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Author Topic: intro queen on top bar? whoops!  (Read 7416 times)
bupalos
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« on: June 18, 2004, 01:50:13 PM »

Howdy bee-folk.

I had read that a good way to introduct the queen in the cage was just to lay it on the top bars. Sounded good to me, so when I got my NWC queen this morning, I tried it--just tilted up the super, cleared some bees off the top frames of the first box, set the cage down screen side up going across the bars, and let it back down.

Hey, it's kind of stuck up a bit...won't quite go back down...I'll just give a little jiggle there and...

<<<CRUNCH>>>

The top pops up as three of the frames in the super are shoved up against the cover, smashing anyone on those top bars of the super. Duh. I guess the rules of physics DO apply to me after all.

But my idiocy aside, how are you supposed to intro a queen on the top bars given the fact that there isn't room to do it? Prop the lid and do it in a super?
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TEN
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« Reply #1 on: June 18, 2004, 02:00:05 PM »

I usually place the queen cage in between the top bars of two of the frames, screen down.  If you are replacing a queen it is imperative that you smash the old queen on the wire side of the queen cage.  Make sure you smear her pretty good so that her scent is all over the cage.  This helps translocate any affection that they had for the former queen.  The nice thing about doing it this way is that you don't have to worry about the bees building another comb in between the two frames because they are usually not motivated because of the loss of the queen.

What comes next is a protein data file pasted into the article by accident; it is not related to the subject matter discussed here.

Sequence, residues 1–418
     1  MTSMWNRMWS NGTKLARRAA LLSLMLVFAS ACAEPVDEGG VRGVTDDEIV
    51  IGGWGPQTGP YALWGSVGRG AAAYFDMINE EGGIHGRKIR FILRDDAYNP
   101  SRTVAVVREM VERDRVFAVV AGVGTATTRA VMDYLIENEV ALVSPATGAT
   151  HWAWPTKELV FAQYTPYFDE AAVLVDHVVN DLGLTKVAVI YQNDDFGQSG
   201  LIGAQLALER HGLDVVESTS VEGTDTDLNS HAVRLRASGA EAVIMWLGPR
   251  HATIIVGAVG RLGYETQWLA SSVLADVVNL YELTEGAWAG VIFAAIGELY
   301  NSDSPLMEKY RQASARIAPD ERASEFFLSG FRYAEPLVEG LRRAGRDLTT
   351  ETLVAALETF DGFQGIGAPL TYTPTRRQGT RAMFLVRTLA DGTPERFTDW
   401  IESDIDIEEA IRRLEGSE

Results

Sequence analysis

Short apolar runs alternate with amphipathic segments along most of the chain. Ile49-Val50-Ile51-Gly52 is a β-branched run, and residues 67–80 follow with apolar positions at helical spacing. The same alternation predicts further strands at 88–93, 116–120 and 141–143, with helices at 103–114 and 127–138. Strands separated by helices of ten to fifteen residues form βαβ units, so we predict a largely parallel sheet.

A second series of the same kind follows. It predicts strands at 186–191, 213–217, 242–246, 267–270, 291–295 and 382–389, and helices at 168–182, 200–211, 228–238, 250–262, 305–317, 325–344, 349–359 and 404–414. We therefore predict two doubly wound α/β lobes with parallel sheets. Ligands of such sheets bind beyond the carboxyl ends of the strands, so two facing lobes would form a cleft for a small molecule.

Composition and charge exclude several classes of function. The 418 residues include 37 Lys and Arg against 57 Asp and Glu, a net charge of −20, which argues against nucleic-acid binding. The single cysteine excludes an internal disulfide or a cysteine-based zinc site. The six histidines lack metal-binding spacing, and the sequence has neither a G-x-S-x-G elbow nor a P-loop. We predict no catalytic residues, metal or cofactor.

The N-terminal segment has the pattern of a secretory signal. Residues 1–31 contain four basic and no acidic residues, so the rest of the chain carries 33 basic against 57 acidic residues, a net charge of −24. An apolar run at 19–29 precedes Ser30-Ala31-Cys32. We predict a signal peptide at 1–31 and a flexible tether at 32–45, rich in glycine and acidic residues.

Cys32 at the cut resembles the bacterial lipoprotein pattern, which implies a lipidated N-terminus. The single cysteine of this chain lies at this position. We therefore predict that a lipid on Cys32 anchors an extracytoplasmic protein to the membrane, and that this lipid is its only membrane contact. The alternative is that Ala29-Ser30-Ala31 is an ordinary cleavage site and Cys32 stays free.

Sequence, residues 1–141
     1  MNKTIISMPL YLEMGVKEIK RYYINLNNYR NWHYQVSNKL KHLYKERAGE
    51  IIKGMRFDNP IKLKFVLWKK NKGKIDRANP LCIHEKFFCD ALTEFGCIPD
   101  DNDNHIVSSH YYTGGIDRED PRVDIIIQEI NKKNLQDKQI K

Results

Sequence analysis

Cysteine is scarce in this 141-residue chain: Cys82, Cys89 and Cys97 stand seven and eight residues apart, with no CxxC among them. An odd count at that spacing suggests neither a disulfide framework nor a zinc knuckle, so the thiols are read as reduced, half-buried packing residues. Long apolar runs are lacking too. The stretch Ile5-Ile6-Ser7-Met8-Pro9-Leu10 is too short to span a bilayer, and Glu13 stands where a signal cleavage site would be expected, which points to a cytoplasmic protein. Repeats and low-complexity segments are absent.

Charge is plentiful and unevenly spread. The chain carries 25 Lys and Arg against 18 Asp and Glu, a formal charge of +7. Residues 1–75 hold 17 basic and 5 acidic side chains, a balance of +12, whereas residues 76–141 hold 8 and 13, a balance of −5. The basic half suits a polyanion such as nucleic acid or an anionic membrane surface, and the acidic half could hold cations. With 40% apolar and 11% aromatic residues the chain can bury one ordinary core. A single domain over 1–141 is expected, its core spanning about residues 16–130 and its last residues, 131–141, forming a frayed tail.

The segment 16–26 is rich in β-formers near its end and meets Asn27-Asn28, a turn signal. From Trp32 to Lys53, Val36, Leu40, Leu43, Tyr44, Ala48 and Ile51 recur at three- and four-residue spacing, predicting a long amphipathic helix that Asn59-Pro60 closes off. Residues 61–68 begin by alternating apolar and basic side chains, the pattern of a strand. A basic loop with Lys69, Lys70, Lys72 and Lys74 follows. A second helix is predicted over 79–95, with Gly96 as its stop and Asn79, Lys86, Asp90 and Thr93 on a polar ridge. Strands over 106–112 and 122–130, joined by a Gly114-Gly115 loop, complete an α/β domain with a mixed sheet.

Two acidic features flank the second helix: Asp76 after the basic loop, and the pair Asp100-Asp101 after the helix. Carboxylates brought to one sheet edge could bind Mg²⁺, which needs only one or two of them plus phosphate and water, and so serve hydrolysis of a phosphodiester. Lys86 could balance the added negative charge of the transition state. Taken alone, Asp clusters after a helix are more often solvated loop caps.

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bupalos
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« Reply #2 on: June 18, 2004, 02:17:26 PM »

I was already queenless, sad to say. I did intro my first queen between frames, but they did make burr because of it, and I though this top bar intro would be a free lunch. I guess maybe I didn't have to worry about burr comb since I was already queenless?

I'd still like to know how one is supposed to go about the top bar intro.
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TEN
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« Reply #3 on: June 18, 2004, 03:03:15 PM »

Just to clarify I run a nine frame hivebody.  When everything gets drawn out I remove one frame and using a nine frame spacer, re-space everything accordingly.  This allows the bees to over draw the remaining frames and inheretly leaves a larger gap between the top bars.  Therefore with very little rearranging the queen can be installed screen side down as required.

Hope this helps.
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Beth Kirkley
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« Reply #4 on: June 18, 2004, 04:04:05 PM »

This may sound like an oversimplified answer, and maybe you thought of this. But why not (next time) build a spacer that's the thickness of the queen cage? Just something that will go on the edge of the top super so the lid is raised up more. I've built very simple ones that are used as top entrances - only an inch thick.